8. Just in case you needed a vivid example of the way that the current set of drug policies distorts law enforcement priorities...

    I'd venture a guess that when you factor in all of the cost in up-front pay, back-end benefits like pensions and retiree healthcare, equipment, and admin support the costs to deploy a single police officer run well north of $200 per hour.

    I have no problem with the costs, but I hope that someday we'll collectively pause, reflect, and ask ourselves if this is the sort of thing that a valuable resource like police-officer-time should be focused on when there's things like rape, murder, and theft to be dealt with.
    PT and Steve Vaughn like this.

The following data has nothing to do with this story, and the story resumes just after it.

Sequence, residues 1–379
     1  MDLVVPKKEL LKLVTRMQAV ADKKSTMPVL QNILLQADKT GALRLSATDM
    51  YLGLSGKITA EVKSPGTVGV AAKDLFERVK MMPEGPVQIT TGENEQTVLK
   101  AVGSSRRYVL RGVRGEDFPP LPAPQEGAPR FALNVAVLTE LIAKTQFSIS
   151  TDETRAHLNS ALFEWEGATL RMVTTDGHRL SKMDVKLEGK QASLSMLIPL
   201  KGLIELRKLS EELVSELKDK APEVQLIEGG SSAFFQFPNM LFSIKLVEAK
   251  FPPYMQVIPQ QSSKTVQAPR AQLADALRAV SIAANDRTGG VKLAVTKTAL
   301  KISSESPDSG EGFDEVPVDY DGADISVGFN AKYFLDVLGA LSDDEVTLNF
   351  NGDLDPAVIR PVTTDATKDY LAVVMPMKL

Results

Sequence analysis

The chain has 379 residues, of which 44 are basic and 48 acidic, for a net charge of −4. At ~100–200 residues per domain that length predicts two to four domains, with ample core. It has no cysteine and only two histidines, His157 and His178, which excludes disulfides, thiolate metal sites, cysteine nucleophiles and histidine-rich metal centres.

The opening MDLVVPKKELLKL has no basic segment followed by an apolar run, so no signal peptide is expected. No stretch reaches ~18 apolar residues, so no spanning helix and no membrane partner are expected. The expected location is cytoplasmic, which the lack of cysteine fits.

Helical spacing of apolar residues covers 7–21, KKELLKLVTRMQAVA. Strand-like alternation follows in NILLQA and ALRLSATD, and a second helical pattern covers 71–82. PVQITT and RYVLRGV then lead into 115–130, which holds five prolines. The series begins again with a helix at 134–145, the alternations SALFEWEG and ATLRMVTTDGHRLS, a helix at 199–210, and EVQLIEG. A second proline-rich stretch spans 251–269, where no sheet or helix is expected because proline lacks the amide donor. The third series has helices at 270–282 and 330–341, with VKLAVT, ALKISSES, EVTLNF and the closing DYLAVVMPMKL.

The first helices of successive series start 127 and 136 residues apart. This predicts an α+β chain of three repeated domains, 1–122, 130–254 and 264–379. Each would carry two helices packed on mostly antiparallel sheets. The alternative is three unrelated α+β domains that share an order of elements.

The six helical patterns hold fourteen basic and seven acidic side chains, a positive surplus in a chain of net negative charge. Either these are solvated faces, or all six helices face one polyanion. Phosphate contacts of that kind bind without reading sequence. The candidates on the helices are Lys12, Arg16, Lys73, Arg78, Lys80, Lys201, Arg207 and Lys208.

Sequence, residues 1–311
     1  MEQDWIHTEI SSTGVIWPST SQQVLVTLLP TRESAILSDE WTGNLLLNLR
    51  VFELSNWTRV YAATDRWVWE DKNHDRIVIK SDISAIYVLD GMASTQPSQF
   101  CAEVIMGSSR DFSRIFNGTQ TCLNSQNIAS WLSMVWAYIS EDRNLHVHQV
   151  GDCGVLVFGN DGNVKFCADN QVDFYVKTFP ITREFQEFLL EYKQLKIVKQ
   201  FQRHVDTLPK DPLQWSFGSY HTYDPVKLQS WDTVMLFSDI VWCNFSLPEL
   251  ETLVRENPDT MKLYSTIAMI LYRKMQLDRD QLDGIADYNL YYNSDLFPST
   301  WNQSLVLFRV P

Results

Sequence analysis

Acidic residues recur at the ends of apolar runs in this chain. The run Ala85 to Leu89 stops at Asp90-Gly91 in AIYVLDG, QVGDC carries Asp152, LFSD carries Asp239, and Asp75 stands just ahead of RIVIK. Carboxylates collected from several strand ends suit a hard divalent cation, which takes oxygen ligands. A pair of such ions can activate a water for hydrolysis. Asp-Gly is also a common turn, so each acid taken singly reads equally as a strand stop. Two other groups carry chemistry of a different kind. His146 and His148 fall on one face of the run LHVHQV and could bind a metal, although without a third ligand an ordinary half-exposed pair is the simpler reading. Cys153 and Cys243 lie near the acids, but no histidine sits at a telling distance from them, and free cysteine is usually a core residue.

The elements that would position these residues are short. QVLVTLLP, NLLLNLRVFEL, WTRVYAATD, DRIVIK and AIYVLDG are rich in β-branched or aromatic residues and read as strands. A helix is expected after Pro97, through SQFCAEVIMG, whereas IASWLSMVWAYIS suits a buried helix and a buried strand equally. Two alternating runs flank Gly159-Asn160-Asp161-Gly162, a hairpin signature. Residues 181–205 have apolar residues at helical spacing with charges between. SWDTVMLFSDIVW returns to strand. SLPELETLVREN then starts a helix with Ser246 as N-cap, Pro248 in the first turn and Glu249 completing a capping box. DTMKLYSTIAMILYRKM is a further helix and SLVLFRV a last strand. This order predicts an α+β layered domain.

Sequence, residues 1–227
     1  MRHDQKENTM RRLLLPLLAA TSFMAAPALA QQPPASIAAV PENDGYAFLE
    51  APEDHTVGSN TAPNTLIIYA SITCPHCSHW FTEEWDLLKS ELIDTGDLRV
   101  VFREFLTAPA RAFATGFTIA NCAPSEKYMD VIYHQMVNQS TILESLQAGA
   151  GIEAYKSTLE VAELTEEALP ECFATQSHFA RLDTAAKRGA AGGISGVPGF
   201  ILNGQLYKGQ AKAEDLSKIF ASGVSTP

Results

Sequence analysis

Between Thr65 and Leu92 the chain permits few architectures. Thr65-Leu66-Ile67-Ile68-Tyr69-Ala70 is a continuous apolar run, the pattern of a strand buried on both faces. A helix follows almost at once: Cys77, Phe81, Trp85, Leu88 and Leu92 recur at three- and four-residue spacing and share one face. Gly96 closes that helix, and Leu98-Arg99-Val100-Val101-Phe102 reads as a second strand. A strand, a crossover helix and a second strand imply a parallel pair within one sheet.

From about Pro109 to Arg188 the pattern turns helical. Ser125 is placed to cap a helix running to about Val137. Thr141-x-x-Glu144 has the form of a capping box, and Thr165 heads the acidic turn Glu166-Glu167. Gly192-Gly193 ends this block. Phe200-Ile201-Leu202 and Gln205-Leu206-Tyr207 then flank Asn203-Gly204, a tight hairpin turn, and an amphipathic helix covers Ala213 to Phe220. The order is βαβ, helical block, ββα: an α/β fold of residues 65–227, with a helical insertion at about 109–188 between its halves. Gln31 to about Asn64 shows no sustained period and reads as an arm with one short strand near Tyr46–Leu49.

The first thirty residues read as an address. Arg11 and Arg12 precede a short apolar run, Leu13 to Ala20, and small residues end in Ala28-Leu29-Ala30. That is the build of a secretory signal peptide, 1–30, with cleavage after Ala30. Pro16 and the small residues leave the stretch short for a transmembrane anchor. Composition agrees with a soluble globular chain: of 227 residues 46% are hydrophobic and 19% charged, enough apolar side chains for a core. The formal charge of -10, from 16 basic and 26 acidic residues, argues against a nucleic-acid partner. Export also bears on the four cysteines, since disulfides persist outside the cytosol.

9. Here's a kewl little device you'll should watch.

    Once you fine where they're hiding, you can:

    1. send the info to the police to take care of it.

    2. mass distribute the info on all fishing forum in State of Washington, telling everyone that this @55hole live HERE is the that stole your vehicle. Here is picture to prove it. You maybe able view your actual vehichle live, that is before it's been chopped up. I don't know what the law is. Or this might get you into some kind of law/trouble and you'll ending being in jail with the guy who broke into your car.

    Anyways, if you're do something about it. Be smart about it, don't screw yourself over.